Sarouk Rug

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Sarouk Rug
Design of Sarouk Rug (Rugman)
General information
NameSarouk Rug
Original nameقالی ساروق
Alternative name(s)Sarouk Carpet
Origin Iran: Markazi
Technical information
Common designsMedallion, Afshan, Boteh, Herati, Vase
Common colorsRed, Blue, Beige, Copper, Beige
Dyeing methodNatural, Synthetic
Pile materialWool
Foundation materialCotton
Knot typeAsymmetrical (Persian)

Sarough rugs originate from Sarough, also known as Sarouk and Saruq, located in the Province of Markasi in central Iran. Sarough is a very important village for area rug weaving. Their output is most impressive in both quality and number. Antique Sarough rugs produced prior to 1900 is considered to be a masterpiece. Due to the extraordinary quality of craftsmanship and material, it is sought after by museums and private collectors alike. Talented weavers create Sarough rugs in both village and workshop settings using the Persian knot, although the Turkish knot is seen in antique Saroughs.


Sarouk is a village located in the Arak (Markazi) Province of west central Iran. Sarouk is a famous carpet name in the world market. The weavings of Sarouk and its many surrounding villages are among the most in-demand in both the domestic and overseas markets.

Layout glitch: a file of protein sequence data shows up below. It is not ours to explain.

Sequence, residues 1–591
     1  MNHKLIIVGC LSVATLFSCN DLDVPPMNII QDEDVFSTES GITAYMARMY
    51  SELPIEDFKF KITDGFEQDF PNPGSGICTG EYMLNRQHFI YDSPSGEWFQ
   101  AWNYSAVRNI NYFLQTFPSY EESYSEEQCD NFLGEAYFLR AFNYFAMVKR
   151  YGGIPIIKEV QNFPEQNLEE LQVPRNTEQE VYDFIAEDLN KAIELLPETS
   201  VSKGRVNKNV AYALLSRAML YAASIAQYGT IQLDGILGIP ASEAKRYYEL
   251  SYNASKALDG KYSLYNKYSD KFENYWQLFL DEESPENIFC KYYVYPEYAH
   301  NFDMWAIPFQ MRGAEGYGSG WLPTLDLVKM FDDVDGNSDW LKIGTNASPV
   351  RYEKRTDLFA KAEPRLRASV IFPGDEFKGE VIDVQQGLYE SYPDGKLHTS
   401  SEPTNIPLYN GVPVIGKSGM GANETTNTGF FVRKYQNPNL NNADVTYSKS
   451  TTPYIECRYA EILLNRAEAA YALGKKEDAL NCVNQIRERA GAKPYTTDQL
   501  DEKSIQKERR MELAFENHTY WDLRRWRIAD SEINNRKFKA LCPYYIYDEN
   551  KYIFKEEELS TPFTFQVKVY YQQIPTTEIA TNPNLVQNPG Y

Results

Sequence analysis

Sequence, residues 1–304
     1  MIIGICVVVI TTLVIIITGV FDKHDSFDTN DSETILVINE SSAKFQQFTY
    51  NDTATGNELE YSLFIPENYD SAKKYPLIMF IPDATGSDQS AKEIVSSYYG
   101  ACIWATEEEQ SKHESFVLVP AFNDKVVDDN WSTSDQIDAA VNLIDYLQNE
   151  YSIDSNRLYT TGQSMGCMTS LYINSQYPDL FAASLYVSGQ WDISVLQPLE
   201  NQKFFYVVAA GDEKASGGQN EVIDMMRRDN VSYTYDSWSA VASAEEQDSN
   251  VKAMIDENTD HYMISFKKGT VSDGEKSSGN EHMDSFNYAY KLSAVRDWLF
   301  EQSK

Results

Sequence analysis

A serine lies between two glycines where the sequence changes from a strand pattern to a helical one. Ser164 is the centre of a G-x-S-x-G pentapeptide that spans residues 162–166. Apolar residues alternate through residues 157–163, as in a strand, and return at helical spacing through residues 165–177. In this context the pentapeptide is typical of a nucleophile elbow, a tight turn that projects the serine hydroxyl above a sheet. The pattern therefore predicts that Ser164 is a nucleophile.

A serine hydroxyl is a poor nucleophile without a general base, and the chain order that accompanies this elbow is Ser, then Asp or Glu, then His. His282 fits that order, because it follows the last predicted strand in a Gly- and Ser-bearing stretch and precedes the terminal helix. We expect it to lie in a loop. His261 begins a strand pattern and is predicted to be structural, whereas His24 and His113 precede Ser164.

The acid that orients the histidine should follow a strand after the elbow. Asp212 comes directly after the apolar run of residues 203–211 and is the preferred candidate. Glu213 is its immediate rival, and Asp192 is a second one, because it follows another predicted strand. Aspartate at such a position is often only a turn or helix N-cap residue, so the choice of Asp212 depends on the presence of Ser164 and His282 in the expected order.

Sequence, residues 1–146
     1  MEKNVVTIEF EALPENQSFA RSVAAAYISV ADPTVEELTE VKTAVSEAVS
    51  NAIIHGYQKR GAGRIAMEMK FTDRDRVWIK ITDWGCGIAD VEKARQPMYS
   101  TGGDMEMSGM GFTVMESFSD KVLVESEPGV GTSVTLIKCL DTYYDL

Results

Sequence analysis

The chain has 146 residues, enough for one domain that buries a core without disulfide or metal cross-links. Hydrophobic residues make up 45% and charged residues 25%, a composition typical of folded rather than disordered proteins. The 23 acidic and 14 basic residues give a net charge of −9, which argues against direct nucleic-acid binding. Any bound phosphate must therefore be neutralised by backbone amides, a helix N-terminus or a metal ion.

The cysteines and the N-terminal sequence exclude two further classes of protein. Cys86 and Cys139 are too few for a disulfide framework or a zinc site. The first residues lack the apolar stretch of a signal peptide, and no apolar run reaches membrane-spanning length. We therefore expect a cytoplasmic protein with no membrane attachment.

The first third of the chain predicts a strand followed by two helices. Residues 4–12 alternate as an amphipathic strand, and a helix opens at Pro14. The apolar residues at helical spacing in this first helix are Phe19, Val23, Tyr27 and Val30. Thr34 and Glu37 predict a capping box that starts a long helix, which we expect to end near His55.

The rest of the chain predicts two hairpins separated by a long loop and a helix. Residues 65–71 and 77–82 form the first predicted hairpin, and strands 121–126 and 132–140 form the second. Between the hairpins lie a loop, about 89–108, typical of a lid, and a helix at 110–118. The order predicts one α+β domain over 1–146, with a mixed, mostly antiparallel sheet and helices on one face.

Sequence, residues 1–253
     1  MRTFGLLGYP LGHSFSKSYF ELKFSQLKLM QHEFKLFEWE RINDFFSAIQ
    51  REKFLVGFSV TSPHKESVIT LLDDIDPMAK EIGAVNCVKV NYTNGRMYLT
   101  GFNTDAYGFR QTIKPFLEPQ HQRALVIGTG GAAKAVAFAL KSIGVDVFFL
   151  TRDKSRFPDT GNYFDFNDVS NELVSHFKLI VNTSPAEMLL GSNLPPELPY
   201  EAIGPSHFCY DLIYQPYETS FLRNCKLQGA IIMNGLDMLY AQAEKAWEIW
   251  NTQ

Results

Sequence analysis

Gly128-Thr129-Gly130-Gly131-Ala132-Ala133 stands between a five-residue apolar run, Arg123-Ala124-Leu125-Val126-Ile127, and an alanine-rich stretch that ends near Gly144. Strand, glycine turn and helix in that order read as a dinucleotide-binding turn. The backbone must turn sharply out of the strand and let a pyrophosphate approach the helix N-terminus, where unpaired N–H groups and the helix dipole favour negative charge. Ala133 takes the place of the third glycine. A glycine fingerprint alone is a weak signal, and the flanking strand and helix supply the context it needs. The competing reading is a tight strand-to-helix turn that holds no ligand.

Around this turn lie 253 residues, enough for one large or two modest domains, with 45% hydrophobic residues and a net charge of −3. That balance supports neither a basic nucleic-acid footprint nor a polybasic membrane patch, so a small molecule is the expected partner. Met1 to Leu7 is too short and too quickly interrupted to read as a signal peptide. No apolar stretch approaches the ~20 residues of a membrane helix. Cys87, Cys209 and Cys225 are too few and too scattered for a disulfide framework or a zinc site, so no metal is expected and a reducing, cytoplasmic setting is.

Sarouk carpets are divided into several periods. The first Sarouks were woven from the 1870s to the 1910s and are known as Farahan Sarouk or Antique Sarouk. These carpets were actively produced for the world markets and are still sought after in the antique trade and at auction galleries for use as floor coverings. Some smaller Antique Sarouk weavings are in demand by collectors. The designs from this period are semifloral or semigeometric, usually displaying a center medallion and medallion sections in the field corners. A small percentage of allover styles were also made. Palmette, flower head, and leaf-and-vine motifs appear in the background and borders. The Lattice pattern was occasionally woven for allover designs. Many attractive Prayer Rugs were also woven. The field colors were mostly brick-red or coral-red, with some woven in dark blue or ivory. These colors were interchangeable for the border and background. Antique Sarouks have a cotton foundation and a wool pile. The Persian (asymmetric) knot is employed. The carpets were made from good to very fine in grade quality, and are noticeably tightly woven and durable. Antique Sarouk formats range from small mats to large oversize carpets.
The second period of Sarouks encompasses weavings that date from the 1920s to the 1970s. These products were made especially for the American market and are called "American Sarouk." During this period, Sarouk designs and colors were popular in America and were mass-produced in the Sarouk area in sizes standard for that market, mostly twelve feet by nine feet. Some American carpet companies installed their own representatives in Sarouk for long periods of time to supervise the weaving production. The designs of the American Sarouk were semigeometric and generally had an allover pattern. The motifs included flowers, vases, branches, leaves, and vines mainly arranged to face the center of the carpet.